The state will introduce a new 30-mile hiking loop in honor of National Public Lands Day on Saturday. Credit: Courtesy of Maine's Bureau of Parks and Lands

The state will open a new 30-mile backcountry hiking loop that overlaps the Appalachian Trail in the Katahdin region, south of Baxter State Park, this Saturday.

The Great Circle Trail will connect two backcountry loops with the Appalachian Trail in its 100-Mile Wilderness section on the Nahmakanta Public Reserved Land west of Millinocket.

The state Bureau of Parks and Lands will lead a guided hike on part of the trail Saturday starting at 10 a.m. in honor of National Public Lands Day. They say the 30-mile loop has been in the works since 2005 and can be tackled “in bite-sized sections or a multi-day adventure.”

The Great Circle Trail connects two backcountry loops with the Appalachian Trail on the Nahmakanta Public Reserved Land west of Millinocket. The 30-mile trail includes four waterfalls and five panoramic views. Credit: Courtesy of Google Maps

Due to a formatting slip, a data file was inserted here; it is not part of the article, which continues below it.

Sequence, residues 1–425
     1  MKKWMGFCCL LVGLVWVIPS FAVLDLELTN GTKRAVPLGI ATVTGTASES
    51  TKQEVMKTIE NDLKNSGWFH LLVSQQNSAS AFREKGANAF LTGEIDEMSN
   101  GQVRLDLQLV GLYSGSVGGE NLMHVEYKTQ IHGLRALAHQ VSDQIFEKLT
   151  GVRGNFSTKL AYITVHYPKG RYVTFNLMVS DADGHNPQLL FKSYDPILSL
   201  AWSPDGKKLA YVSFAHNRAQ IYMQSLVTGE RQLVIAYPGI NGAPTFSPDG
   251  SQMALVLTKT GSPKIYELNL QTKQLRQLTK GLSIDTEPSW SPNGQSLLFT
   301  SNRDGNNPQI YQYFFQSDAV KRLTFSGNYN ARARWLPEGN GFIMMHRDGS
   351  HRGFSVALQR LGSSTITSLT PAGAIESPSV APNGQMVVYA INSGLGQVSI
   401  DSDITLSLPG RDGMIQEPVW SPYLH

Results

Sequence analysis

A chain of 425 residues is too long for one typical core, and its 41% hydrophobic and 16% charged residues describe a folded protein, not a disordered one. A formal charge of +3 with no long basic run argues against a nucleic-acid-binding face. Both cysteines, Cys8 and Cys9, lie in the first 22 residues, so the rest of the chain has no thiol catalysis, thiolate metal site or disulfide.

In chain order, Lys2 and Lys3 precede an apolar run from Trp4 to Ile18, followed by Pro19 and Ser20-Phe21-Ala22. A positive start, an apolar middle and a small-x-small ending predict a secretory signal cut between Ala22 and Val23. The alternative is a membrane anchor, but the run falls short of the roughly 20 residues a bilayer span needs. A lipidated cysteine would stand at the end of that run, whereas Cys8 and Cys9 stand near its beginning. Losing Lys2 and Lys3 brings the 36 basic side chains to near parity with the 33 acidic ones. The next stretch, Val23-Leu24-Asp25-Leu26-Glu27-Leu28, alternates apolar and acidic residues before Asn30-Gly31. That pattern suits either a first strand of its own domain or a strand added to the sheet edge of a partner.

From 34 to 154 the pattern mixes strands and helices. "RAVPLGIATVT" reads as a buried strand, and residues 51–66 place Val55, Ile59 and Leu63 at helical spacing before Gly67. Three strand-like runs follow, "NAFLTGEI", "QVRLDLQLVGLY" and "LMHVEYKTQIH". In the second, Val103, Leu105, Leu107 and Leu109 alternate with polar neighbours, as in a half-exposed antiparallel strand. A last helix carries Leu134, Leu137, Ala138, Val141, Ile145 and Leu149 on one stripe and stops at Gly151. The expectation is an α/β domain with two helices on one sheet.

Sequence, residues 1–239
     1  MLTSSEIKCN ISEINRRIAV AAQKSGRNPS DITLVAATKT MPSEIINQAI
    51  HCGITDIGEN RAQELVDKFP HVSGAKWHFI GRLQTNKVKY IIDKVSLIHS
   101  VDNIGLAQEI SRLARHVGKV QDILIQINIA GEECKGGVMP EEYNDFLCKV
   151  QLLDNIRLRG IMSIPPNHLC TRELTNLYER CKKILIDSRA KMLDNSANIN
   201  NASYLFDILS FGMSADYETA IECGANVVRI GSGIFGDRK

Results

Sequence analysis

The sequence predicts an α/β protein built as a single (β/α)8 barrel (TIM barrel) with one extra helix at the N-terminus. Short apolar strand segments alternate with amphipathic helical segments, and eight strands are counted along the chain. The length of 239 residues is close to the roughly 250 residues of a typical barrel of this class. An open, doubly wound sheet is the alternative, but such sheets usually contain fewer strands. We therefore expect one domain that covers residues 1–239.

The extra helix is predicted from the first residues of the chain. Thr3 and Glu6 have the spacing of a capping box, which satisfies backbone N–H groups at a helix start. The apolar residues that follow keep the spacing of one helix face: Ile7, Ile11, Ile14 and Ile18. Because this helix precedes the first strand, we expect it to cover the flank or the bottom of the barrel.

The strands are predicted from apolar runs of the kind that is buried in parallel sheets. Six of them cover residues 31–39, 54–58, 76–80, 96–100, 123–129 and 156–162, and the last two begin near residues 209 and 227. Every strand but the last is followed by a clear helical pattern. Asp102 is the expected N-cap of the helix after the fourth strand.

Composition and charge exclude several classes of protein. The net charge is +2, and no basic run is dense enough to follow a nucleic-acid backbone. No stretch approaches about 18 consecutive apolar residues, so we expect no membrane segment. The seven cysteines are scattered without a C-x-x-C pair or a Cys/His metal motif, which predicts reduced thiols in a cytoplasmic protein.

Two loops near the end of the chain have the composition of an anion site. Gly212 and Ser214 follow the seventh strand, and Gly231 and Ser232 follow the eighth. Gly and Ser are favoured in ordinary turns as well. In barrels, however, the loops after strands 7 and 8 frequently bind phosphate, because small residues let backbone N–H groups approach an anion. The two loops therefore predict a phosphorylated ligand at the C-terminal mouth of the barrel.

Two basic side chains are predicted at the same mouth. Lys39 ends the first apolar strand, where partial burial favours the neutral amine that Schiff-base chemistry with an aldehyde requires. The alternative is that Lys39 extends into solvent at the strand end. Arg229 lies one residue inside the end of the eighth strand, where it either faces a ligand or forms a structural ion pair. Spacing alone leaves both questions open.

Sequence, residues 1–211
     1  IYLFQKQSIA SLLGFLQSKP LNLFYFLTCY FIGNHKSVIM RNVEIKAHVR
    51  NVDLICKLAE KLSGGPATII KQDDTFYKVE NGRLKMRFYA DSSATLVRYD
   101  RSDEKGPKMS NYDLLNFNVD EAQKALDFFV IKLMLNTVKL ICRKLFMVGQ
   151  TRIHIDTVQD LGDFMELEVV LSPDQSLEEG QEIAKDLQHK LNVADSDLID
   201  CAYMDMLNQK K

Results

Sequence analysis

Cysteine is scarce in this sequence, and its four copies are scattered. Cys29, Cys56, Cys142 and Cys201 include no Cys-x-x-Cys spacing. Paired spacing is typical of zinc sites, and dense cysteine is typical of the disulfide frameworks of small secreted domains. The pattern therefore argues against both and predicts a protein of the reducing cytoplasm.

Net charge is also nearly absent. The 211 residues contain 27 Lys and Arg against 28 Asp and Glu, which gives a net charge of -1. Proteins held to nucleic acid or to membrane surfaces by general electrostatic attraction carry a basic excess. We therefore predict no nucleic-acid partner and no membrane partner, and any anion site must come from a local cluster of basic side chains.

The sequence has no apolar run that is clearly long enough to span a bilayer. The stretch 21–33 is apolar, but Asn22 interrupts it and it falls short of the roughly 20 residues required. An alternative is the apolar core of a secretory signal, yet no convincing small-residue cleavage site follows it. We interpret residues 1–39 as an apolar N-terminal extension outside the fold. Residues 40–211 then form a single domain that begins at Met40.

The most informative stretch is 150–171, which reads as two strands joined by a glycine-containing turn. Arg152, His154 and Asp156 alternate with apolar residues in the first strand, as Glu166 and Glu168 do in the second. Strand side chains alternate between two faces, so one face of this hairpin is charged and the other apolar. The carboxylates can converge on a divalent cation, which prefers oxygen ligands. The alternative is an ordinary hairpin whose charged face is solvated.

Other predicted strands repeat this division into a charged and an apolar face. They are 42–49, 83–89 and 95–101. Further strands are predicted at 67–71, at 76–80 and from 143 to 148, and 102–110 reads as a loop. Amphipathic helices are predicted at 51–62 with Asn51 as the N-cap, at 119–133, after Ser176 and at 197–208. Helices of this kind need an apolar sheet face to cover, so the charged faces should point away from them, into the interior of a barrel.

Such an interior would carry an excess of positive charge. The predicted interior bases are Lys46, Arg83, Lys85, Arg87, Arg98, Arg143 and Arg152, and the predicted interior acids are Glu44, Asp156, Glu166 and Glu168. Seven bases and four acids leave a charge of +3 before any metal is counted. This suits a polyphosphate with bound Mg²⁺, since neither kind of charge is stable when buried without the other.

“Our dedicated staff has shown great vision and commitment to developing what will surely become one of Maine’s top multi-day backpacking trips,” Bureau of Parks and Lands director Andy Cutko said in a press release. “This trail offers a fantastic hiking experience in a remote, beautiful setting away from the crowds on busier trails.”

The Great Circle Trail is rated moderately difficult with occasional strenuous sections, but this is “well-balanced by the rewards,” the state release says. The loop includes four waterfalls, five panoramic views, two gorges and several campsites.

The Nahmakanta area sits on the ancestral lands of the Penobscot indigenous people and is part of what’s considered the most remote section of the Appalachian Trail before its northern terminus on Mt. Katahdin.

The state says the public land reserve includes 24 great ponds, 50 miles of undeveloped shoreline, low mountains as tall as 2,524 feet and 43,000 acres of forest overall. It encompasses the state’s largest ecological reserve, the Debsconeag Backcountry.

Story by Annie Ropeik.